Saturday, May 28, 2011

The Begining of an Evaporative Fuel System

A liquid-fueled DIY gas turbine poses one fundamental challenge. Diesel fuel (this engine's fuel), Kerosene, Jet-A, etc. all need to take the form of an atomized vapor before being burned. In commercial aircraft, this atomization is achieved via high-pressure (~1000 psi) fuel injection system, and a special injector.
Unfortunately, a 1000 psi fuel pump would cost a pretty penny which I don't have, and gobble up lots of onboard power, which I won't have.
The solution to this conundrum lies in evaporation. The fuel will dribble out of a nozzle into a "tree" of 3 small stainless steel tubes, which are heated by the combustor. The diesel or kerosene fuel vaporizes quickly upon contact with the hot metal, and the resulting vapor burns easily in the combustor.
I plan to incorporate the "evap" system into the flame tube (the tube somewhat resembling Swiss-cheese inside the combustor which allows the fuel to burn with an even supply of air). For this, I will start with a 3.84" diameter, 3 inch tall "can" with a large hole in the side. This will mount to the end plate of the combustor, feed air to the evap "tree", and support the flame tube, which will fit snugly around it.
 With much cussing and a little blood, I milled two 3.84" stainless circles on my undersized rotary table, then drilled 6 holes to the front of which nuts will be welded. This is the "bottom" of the evap can, which will fit over the 2 fuel injectors (starting and main fuel).
 Here drilling corresponding holes in the combustor end plate.
The finished ring. I also milled a full circle of the same diameter, which will be used as the top of the can.
Heres the end plate installed back on the engine. Looking a little more complex :)
And last but not least, its my pleasure to welcome the newest member of the Feathers workbench, a harbor freight belt sander :). Should get some nice use out of this piece.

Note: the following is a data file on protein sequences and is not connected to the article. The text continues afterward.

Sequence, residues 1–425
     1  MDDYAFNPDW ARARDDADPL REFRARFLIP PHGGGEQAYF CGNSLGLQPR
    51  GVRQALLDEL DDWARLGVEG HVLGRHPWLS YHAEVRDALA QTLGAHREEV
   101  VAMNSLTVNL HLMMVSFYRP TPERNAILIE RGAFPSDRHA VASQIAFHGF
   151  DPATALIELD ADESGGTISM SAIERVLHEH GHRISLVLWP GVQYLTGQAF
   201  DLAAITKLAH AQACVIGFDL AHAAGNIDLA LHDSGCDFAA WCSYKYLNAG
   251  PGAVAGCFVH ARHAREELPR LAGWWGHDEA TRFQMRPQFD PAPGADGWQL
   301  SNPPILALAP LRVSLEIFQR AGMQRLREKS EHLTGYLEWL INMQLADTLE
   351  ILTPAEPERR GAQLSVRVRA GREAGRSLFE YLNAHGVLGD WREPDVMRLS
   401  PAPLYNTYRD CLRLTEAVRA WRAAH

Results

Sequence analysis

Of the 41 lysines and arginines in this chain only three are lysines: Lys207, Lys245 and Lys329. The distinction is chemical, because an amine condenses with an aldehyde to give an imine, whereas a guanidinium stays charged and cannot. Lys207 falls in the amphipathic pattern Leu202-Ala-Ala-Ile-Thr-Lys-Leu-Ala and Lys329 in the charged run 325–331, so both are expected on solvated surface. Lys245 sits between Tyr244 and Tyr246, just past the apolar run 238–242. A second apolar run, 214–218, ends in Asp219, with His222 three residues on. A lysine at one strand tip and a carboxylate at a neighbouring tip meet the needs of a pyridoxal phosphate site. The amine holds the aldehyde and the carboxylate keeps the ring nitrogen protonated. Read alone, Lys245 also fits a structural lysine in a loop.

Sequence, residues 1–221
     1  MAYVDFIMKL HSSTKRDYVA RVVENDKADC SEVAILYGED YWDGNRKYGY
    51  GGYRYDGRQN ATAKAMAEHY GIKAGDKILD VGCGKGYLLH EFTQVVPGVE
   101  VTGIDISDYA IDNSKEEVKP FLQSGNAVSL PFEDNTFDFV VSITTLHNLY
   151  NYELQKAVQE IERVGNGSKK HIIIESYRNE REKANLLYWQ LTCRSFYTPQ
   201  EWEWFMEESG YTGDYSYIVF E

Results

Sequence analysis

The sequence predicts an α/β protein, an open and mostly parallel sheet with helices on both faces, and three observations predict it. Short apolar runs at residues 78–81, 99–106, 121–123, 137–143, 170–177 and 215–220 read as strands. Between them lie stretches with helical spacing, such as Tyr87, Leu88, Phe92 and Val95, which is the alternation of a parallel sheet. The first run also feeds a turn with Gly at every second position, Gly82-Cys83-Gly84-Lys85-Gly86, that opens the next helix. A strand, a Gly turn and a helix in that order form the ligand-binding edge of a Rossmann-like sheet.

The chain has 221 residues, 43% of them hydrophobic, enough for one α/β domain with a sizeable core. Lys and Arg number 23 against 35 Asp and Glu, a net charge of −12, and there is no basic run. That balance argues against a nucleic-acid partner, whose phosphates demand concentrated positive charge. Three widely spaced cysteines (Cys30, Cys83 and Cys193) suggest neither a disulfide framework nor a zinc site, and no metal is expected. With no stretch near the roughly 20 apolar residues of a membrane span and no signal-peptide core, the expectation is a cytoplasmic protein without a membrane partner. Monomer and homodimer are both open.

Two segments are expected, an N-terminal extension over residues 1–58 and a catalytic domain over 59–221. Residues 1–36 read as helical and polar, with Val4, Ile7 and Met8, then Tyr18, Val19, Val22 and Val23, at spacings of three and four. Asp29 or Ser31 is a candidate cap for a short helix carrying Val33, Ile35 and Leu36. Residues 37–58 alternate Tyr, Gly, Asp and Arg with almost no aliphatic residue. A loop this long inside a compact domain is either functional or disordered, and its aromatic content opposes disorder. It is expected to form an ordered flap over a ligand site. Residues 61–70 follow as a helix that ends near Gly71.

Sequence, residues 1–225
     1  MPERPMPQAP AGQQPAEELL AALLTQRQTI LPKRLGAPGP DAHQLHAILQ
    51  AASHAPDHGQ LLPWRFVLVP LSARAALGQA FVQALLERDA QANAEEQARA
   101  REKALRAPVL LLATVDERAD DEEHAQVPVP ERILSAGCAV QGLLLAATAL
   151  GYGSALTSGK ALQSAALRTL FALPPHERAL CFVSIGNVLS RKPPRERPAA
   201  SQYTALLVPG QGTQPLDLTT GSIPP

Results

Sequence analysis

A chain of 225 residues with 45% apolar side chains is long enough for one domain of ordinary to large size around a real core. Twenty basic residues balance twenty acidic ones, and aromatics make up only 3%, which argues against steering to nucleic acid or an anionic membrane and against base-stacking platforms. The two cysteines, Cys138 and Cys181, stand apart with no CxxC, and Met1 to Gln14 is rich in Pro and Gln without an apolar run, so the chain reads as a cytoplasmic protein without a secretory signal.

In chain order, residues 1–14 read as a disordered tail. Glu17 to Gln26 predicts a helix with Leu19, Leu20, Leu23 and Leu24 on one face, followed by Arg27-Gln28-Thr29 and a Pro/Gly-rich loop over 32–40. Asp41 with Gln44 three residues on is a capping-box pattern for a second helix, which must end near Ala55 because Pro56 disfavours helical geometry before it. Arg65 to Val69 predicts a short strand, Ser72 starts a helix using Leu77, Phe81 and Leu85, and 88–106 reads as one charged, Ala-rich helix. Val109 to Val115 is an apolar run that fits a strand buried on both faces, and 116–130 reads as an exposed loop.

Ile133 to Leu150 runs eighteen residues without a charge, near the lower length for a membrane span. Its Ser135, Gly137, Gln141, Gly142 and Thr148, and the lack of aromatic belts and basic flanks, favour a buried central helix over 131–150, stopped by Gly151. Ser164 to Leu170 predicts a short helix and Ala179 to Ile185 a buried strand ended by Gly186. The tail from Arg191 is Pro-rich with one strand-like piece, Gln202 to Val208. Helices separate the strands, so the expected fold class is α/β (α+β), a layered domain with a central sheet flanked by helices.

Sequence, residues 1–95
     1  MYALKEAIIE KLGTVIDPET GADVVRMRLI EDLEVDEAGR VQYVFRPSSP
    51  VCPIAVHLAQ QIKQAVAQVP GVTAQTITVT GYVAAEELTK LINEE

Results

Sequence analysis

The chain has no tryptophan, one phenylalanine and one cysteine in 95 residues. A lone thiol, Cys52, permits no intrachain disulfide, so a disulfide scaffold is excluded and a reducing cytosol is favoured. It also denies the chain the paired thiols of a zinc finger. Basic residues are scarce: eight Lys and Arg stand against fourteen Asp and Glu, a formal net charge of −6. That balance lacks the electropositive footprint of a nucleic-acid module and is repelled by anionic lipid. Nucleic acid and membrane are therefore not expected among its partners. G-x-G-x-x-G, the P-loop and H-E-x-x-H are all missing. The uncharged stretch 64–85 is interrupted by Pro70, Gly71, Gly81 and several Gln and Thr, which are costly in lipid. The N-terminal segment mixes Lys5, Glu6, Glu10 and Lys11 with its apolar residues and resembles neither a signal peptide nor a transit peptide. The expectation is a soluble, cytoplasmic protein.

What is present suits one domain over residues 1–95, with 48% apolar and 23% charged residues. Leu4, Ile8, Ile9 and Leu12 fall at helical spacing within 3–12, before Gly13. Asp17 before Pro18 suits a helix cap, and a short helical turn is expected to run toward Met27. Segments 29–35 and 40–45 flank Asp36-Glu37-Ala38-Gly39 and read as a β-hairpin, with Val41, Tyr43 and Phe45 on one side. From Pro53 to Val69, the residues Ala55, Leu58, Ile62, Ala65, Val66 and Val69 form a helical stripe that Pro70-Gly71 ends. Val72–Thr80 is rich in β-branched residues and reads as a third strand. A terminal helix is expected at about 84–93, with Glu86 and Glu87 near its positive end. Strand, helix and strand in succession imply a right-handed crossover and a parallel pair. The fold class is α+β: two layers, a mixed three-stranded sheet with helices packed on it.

Check back soon!

Tuesday, May 3, 2011

Time-Lapse video of the build so far.

I've been making an effort to document this project as well as I can, and have been grabbing snippits of video here and there. While you look at this one, feel free to check out some of my other youtube videos.
Now lets see if I can imbed this for the life of me...

Stay thirsty my friends!

Monday, April 25, 2011

The Oil Cooler (or whats left after "Austin" happened to it)

The 15 row oil cooler I purchased for a thrifty $50 presented me with a problem. The fittings were, as expected, size 10 AN (Army-Navy) performance automotive fittings (they originated in the military, so they cost a pretty penny). Nearly worthless to me, because I'm using standard plumbing sizes and common 45* flared tubing connections instead of AN's weird sizes and awkward 37* flares (even though AN looks WAY cooler). Reason(s) being, AN fittings are ridiculously expensive, and you can't buy them at the hardware store.
As fate would have it, the inside diameters of these giant AN fittings were the perfect starting size for my 1/4" NPT (National Pipe Thread) tap. For the sake of space, I beheaded both the fittings, then tapped them out.
I then went ahead and plumbed an aluminum line from the oil filter to the forward side of the oil cooler. Not too bad.

Tune in next time.

The Re-birth of an Oil System...

I'm sick today, and had some time to get back to the engine. My first oil pump, a Fimco Gold series multi-diaphragm pump, was an agricultural pump, and simply wouldn't supply the viscous oil at any amount of pressure. I have a sneaking suspicion that this complete lack of oil pressure led to the death of my last attempt at building a gas turbine. As not to repeat the mistake, I've purchased a gear-type oil scavenging pump, meant to return oil from a low-mounted turbocharger, or to operate a separate oil system for the turbocharger. It's allegedly rated 2.5 GPM at 60 PSI for oil.
That is, of course, for a car. We'll see how it does.
Here's the engine with the new pump all mounted and plumbed up. I've replaced the pump feed line with silicone tubing which is larger than the original aluminum line. This is to avoid an effect called cavitation which would put air-bubbles in the line, depriving the turbocharger of a steady flow of oil.
 The pump will be a great fit with the engine. I have also installed an automotive ignition coil, which will be driven by a 555 timer circuit and amplifier.
Till next time, cheers!